Ghost Of The Machine - Scissorgames

Ghost Of The Machine – Scissorgames

The first album from a brand new band, particularly one that chooses the rarefied pastures of prog to sew their seeds, is always going to be a defining one, and for the relatively small (but perfectly formed) audience, it is often a case of finding the time to even listen to, let alone discover new music – so many bands, so few fans. This band, however, is only 20% ‘new’, the other 80% having migrated ‘en masse’ from another relatively new outfit. Having nailed their colours to the mast with the band name, I hoped that there would be more substance than the name perhaps suggests.

The word ‘ghost’ is taken from the Old English word ‘G’Ast’, derived from the Germanic and meaning the ‘spirit’ or the ‘soul’. Certainly, the spirit and soul of these five ex-This Winter Machine musicians, augmented by the vocal prowess of one Charlie Bramald, is captured in this album. Mr Bramald also adds haunting flute playing that leaves me wanting more. Such beauty and talent needs to be further extended in the next album (and maybe we will be treated to more in the live performances?). This instrumental prowess adds to what is already new and fresh and sets this album apart from anything that has gone before.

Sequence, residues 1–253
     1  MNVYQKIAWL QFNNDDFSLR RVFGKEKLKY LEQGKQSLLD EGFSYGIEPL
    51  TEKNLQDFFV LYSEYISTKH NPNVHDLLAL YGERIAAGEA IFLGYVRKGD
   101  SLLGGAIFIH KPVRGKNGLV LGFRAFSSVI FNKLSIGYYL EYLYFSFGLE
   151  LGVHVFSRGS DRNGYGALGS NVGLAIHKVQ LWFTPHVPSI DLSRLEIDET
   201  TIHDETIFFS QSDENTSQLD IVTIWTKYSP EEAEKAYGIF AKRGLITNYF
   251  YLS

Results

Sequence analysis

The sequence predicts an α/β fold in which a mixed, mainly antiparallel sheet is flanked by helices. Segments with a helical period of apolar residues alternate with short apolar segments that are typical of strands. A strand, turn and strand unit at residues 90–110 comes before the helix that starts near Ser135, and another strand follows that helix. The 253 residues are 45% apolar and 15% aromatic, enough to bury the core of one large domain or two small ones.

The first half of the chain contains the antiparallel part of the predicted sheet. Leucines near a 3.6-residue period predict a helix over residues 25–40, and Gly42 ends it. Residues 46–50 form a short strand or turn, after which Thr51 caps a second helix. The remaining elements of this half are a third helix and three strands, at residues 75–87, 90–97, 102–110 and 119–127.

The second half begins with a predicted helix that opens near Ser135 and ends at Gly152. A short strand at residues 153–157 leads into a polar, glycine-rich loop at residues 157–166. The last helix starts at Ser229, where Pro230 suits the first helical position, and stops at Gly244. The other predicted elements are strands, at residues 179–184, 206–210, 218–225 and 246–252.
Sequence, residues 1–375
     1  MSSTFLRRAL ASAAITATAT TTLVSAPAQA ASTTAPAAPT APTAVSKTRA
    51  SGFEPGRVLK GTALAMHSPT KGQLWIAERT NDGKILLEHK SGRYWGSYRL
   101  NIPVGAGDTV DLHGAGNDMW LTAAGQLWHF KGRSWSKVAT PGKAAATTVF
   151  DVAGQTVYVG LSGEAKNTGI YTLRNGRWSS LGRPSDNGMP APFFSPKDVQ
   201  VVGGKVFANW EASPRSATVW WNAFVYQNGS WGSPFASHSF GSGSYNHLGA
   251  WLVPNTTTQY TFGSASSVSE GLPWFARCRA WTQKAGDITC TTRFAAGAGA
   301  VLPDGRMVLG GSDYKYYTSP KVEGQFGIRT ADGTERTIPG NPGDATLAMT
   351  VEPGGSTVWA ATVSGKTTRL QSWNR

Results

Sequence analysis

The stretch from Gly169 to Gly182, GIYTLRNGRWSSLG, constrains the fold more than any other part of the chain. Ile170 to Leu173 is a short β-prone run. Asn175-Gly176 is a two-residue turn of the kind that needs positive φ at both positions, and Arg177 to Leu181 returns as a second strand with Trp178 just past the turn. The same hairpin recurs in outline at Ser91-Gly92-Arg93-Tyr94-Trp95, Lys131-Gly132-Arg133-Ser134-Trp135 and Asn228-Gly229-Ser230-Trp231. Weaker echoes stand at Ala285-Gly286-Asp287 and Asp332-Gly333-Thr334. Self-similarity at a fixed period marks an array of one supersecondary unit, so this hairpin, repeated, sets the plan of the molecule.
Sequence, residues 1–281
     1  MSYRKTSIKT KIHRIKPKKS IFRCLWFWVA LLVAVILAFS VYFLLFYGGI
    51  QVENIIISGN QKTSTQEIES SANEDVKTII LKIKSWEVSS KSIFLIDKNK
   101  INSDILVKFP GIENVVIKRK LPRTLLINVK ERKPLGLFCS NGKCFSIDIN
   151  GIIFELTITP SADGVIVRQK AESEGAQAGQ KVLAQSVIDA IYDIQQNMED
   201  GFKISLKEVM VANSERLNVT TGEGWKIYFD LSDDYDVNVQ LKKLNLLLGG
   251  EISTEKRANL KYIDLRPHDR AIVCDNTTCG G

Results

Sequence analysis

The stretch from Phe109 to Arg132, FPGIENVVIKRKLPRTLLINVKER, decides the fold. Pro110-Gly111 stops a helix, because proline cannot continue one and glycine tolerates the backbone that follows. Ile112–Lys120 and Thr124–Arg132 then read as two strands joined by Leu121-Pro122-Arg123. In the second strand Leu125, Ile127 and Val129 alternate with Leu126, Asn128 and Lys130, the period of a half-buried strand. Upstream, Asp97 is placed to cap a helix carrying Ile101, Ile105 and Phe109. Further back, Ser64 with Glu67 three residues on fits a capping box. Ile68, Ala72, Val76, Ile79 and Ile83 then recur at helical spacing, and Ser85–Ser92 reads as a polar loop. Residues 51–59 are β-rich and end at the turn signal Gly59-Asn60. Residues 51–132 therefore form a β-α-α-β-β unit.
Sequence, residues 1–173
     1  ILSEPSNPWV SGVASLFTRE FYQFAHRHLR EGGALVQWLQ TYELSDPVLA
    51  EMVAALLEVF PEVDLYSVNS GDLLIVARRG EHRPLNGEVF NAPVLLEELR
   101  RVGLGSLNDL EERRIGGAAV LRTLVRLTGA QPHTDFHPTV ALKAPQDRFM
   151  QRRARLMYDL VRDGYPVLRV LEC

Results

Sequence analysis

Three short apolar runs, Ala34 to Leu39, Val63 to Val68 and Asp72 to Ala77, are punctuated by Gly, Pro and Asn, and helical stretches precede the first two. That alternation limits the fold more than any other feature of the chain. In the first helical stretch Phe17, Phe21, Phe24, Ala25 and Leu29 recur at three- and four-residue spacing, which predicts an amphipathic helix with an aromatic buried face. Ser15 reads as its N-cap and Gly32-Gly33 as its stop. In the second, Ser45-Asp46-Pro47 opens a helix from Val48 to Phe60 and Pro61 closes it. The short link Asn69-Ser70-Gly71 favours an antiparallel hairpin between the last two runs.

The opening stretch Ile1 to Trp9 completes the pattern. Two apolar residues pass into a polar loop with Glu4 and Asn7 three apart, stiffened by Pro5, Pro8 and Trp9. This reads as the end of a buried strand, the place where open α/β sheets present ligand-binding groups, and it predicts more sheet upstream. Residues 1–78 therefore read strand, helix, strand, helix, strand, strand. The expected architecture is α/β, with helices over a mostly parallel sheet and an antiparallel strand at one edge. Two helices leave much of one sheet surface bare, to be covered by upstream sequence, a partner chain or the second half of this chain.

Freed from previous compositional constraints, the true spirit of these unfettered souls manifests itself in Scissorgames, and rising star vocalist Charlie certainly stamps that new identity well and truly.

Bramald’s vocals are distinctive, and given that his previous experience was constrained to the odd pub gig with his band Harmony Spheres, his strength here draws comparison to more well known vocalists, such as Peter Nicholls (IQ), Joe Cairney (Comedy of Errors), early Fish (Marillion) and a nod towards accomplished Australia singer Mark ‘Truey’ Trueack (Unitopia, United Progress Fraternity) – a ‘Trueack-Lite’ if you will!